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|Traded as||NASDAQ: AMGN
S&P 500 Component
|Headquarters||Thousand Oaks, California, U.S.|
|Key people||Robert A. Bradway
Robert A. Bradway
(President and CEO)
|Products||Epogen, Aranesp, Kineret, Enbrel, Neulasta, Neupogen, Nplate, Vectibix, Prolia, Xgeva and Sensipar/Mimpara.|
|Revenue||US$ 15.582 billion (2011)|
|Operating income||US$ 4.312 billion (2011)|
|Net income||US$ 3.683 billion (2011)|
|Total assets||US$ 48.871 billion (2011)|
|Total equity||US$ 19.029 billion (2011)|
|Employees||17,800 (December 2011)|
Amgen (Applied Molecular Genetics) is an American multinational biopharmaceutical company headquartered in Thousand Oaks, California. Located in the Conejo Valley, Amgen is the world's second largest independent biotechnology firm. Epogen and Neupogen (the company's first products on the market) were the two most successful biopharmaceutical products at the time of their respective releases.
Amgen is the largest employer in Thousand Oaks and second only to the United States Navy in terms of number of people employed in Ventura County. BusinessWeek ranked Amgen first on the S&P 500 for being one of the most "future-oriented" of those five hundred corporations. BusinessWeek ostensibly calculated the ratio of research and development spending, combined with capital spending, to total outlays; Amgen had the fourth highest ratio, at 506:1000.
The company employs approximately 17,000 staff members. Its products include Epogen, Aranesp, Enbrel, Neulasta, Neupogen, Sensipar/Mimpara, Nplate, Vectibix, Prolia and XGEVA. Amgen has several collaborative arrangements with Pfizer Inc, GlaxoSmithKline, Takeda Pharmaceutical Company, Kyowa Hakko Kirin, Daiichi Sankyo, and Array BioPharma. It is a leading member of the U.S. Global Leadership Coalition, a coalition of over 400 companies and NGOs that promotes increased funding for U.S. diplomatic and international development programs. In 2010, Amgen began sponsoring the Tour of California, one of only three major Union Cycliste Internationale events in the United States. A large number of personnel on Amgen property are employed by subcontractors.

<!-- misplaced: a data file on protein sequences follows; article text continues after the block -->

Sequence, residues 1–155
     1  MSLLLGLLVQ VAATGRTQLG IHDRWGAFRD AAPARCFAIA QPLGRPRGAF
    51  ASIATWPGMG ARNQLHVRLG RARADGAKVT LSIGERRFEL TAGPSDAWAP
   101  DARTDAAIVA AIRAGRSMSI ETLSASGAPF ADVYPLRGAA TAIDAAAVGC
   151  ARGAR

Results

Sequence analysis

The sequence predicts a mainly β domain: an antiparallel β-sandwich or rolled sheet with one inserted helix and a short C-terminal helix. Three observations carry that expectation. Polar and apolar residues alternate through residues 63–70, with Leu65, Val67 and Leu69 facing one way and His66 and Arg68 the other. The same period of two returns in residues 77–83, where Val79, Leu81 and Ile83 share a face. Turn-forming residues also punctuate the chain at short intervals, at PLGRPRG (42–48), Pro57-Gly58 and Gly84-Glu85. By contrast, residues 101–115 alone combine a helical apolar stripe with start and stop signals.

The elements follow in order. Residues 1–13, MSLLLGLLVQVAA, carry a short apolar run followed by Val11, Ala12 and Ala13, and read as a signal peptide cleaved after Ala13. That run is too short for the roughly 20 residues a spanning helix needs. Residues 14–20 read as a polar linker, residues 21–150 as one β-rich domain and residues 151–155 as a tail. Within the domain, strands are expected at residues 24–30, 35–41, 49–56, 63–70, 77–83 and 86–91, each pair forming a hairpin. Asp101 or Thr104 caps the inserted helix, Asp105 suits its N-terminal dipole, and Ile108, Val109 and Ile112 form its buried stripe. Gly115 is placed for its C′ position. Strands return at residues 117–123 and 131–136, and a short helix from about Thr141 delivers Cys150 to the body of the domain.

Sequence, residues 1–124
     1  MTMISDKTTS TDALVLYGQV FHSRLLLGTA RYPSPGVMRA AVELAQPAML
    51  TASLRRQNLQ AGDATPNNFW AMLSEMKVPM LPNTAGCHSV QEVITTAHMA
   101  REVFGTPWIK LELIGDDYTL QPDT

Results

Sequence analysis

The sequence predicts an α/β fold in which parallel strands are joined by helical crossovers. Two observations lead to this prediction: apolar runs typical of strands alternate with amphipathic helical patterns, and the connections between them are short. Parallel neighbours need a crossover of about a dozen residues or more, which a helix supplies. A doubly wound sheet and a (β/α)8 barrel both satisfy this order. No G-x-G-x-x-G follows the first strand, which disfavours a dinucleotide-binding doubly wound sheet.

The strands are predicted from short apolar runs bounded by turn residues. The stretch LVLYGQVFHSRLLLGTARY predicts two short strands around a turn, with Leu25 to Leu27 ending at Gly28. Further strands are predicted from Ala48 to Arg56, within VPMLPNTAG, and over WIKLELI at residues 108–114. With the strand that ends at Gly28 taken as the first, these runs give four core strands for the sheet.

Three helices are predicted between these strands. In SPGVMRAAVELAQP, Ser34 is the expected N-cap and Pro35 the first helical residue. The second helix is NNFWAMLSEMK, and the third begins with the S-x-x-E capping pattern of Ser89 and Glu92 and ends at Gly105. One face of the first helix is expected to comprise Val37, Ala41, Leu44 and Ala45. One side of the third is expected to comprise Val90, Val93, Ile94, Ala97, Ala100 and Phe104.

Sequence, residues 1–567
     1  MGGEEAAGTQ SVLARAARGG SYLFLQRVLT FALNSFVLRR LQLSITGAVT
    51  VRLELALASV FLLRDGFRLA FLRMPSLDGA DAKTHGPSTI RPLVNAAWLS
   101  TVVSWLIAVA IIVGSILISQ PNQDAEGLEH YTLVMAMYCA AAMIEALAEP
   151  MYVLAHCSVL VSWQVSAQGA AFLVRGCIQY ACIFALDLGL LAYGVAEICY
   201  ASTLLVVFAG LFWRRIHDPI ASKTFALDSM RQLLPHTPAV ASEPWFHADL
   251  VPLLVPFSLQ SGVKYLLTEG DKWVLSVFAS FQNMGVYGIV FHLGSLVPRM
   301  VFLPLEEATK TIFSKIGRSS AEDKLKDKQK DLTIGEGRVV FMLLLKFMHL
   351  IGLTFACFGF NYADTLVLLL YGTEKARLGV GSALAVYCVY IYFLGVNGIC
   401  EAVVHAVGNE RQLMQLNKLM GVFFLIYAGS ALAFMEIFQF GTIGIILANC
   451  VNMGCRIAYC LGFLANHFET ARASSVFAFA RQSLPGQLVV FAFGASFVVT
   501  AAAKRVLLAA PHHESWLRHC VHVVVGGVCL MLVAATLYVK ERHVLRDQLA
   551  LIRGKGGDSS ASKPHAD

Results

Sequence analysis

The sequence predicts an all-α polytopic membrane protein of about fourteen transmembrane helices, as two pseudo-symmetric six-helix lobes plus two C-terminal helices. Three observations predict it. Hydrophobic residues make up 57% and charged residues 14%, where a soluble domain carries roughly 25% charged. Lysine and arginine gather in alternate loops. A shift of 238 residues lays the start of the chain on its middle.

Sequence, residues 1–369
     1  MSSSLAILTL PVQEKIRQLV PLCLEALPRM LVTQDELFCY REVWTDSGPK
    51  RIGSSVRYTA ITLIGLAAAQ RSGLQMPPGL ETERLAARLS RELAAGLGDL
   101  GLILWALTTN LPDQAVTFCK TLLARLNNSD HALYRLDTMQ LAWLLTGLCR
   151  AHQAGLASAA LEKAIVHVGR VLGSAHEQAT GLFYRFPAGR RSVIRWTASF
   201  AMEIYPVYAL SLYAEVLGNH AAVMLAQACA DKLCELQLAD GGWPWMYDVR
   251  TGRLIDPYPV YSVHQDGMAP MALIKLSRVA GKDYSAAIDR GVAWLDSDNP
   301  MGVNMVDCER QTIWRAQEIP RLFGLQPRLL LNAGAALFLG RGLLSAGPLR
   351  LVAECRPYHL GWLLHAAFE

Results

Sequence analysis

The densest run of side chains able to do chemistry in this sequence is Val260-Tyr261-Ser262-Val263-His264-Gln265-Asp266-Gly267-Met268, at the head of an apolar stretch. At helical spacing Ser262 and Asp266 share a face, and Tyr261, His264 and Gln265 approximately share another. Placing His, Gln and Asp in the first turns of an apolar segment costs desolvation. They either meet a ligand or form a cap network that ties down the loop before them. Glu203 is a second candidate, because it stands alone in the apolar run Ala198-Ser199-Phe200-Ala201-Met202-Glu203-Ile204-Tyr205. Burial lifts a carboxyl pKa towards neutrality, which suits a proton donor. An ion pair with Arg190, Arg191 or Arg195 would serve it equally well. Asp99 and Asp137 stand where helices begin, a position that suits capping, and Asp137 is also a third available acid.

The word AMGen is a portmanteau of the company's original name, Applied Molecular Genetics, which became the official name of the company in 1983 (three years after incorporation and coincident with its initial public offering). The company's first chief executive officer, from 1980, was George B. Rathmann, followed by Gordon M. Binder in 1988, followed by Kevin W. Sharer in 2000. Robert A. Bradway became Amgen’s president and chief executive officer in May 2012 following Sharer's retirement.
The company has made at least five major corporate acquisitions.
- 1998. In August 1998, Amgen and certain of its officers were charged for issuing false statements regarding its two flagship products, Epogen and Neupogen. In 2000, a settlement of $1 million was reached.
- 2008. Forbes magazine ranks AMGEN CEO Kevin Sharer 169 out of 175. Rankings were based on performance versus pay metrics.
- 2009. Sen. Edward Kennedy introduced a bill granting AMGEN and other biotech companies more than 13 years of marketing exclusivity. Kennedy Institute receives $5 million from Amgen.
- 2010. AMGEN spends a record $10.2 million on lobbying activities. Data based on Senate Office of Public Records.